The Legal Skinny on Health Coaching

This goes out to all my health and wellness coaches! As a certified health coach myself, I remember entering this field, only to realize that my brand spanking new certification (I literally took the test 2 weeks before my wedding and was SO excited I passed) came with some fine print about what I could and couldn’t advise clients about. Typically, health and wellness coaches work with those desiring to establish a healthier lifestyle, whether that includes weight loss, beginning an exercise program, eating healthier, or developing a healthier relationship with food. Many health coaches take their practices online as well, to allow them to serve a greater market virtually – this is what I did! Loved it. While there are many positives to becoming a health coach, there are also several important things to take into consideration from a legal standpoint, and several rules that are critical to follow, in order to stay within the boundaries and guidelines of health coaching. Selfishly, this also allows me to combine my passions for health coaching and the law into one nice, neat package.

In order to make sure you aren’t accidentally breaking any rules, here are my top health coach boundaries to consider:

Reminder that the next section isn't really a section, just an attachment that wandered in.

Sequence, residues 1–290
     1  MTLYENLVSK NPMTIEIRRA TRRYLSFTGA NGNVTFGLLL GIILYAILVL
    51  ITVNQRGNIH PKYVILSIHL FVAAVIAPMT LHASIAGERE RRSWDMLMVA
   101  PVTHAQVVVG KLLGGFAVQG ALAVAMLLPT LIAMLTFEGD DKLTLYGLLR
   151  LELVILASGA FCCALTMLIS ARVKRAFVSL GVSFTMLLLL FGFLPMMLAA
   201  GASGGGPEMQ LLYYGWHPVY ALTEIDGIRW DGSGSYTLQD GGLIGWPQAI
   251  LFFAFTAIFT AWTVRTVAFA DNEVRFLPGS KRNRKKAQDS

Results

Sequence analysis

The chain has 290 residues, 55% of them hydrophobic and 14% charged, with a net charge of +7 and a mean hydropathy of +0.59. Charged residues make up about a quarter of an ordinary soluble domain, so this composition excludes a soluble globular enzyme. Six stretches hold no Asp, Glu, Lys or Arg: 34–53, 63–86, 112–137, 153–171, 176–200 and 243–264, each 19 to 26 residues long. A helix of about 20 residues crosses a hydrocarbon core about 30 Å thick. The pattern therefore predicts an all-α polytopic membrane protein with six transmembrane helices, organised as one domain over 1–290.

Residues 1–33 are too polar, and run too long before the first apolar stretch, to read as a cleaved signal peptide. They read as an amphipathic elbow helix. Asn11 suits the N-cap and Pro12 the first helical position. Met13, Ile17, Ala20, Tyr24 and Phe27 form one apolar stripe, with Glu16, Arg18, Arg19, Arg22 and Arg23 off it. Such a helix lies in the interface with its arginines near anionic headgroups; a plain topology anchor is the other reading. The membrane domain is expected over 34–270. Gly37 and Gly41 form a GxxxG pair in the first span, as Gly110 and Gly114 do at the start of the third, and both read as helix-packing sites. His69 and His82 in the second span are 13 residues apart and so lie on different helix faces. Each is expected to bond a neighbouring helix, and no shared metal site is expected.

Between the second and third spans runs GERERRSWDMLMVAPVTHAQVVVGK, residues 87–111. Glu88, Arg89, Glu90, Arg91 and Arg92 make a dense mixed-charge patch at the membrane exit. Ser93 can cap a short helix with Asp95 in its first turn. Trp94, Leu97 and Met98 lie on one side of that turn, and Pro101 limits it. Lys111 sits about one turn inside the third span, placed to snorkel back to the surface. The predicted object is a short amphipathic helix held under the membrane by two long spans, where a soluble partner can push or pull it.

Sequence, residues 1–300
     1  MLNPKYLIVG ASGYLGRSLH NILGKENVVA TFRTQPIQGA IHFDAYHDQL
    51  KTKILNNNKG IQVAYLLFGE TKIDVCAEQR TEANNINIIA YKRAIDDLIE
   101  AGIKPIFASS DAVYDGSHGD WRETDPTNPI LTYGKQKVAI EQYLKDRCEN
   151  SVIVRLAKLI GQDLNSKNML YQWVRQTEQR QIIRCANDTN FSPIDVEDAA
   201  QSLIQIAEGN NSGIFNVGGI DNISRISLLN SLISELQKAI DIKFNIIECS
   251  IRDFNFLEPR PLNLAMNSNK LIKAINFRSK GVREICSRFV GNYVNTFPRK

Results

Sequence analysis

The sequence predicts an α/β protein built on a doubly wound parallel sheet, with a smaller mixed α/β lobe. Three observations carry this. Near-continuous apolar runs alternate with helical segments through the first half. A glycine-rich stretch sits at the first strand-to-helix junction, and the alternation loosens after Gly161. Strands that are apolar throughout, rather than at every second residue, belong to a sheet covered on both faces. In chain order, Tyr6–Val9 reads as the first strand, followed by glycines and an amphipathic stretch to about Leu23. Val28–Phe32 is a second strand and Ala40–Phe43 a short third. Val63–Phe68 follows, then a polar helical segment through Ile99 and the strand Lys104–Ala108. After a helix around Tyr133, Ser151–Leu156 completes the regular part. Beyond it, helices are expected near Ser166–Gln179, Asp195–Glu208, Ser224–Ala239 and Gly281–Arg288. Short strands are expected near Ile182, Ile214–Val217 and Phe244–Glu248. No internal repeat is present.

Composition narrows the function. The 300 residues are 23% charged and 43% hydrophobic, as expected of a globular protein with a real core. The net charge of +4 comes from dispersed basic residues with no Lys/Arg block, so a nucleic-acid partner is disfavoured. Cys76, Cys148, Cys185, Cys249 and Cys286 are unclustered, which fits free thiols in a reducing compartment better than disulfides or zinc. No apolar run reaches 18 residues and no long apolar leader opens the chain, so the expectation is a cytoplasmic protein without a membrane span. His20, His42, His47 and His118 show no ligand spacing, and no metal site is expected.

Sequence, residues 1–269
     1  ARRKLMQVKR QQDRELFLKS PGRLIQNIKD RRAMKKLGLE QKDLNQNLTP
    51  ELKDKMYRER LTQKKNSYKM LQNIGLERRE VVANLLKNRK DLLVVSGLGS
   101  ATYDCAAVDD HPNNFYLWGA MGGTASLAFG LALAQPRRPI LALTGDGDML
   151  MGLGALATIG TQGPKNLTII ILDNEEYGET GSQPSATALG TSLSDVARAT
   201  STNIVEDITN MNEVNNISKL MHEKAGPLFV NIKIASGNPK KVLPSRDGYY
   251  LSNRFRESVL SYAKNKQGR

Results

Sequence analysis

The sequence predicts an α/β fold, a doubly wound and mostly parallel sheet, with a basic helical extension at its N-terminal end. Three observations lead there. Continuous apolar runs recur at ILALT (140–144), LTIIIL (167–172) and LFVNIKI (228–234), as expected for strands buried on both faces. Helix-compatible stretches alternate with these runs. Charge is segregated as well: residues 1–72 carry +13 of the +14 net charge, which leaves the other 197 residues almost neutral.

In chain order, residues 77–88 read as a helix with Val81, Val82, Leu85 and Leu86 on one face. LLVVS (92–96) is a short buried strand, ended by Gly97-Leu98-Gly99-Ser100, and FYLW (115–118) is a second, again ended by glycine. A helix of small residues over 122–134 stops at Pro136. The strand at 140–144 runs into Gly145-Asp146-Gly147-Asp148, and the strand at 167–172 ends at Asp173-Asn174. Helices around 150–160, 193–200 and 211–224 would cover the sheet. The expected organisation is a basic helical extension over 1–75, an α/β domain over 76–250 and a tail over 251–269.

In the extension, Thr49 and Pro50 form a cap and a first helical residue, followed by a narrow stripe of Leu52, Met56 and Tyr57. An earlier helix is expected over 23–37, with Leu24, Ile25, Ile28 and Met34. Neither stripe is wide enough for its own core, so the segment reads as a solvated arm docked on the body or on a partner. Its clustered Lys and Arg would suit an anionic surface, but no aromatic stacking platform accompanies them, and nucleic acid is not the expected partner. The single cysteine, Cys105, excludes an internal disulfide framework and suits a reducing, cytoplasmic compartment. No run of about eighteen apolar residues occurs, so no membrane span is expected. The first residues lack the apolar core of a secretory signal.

#1: Define your practice and business – What services do you provide?

The role and definition of a health coach is extremely vague, and can include many different niches within the space. In general, health coaches offer education and support to their clients along their journey to achieving a healthier lifestyle. What does this look like for you personally, and who do you have a passion to serve? Before you go too far, step one is to decide who you want to serve, what type(s) of services you want to offer, and the goals you want to help your clients achieve. Make sure you clearly and concisely define your role as a health or wellness coach, as well as the services you do and do not want to offer. (This will also help you define who your ideal client is, and how you can better speak to her in your copy and sales pages!)

#2: Confirm your state’s laws regarding nutrition and fitness advising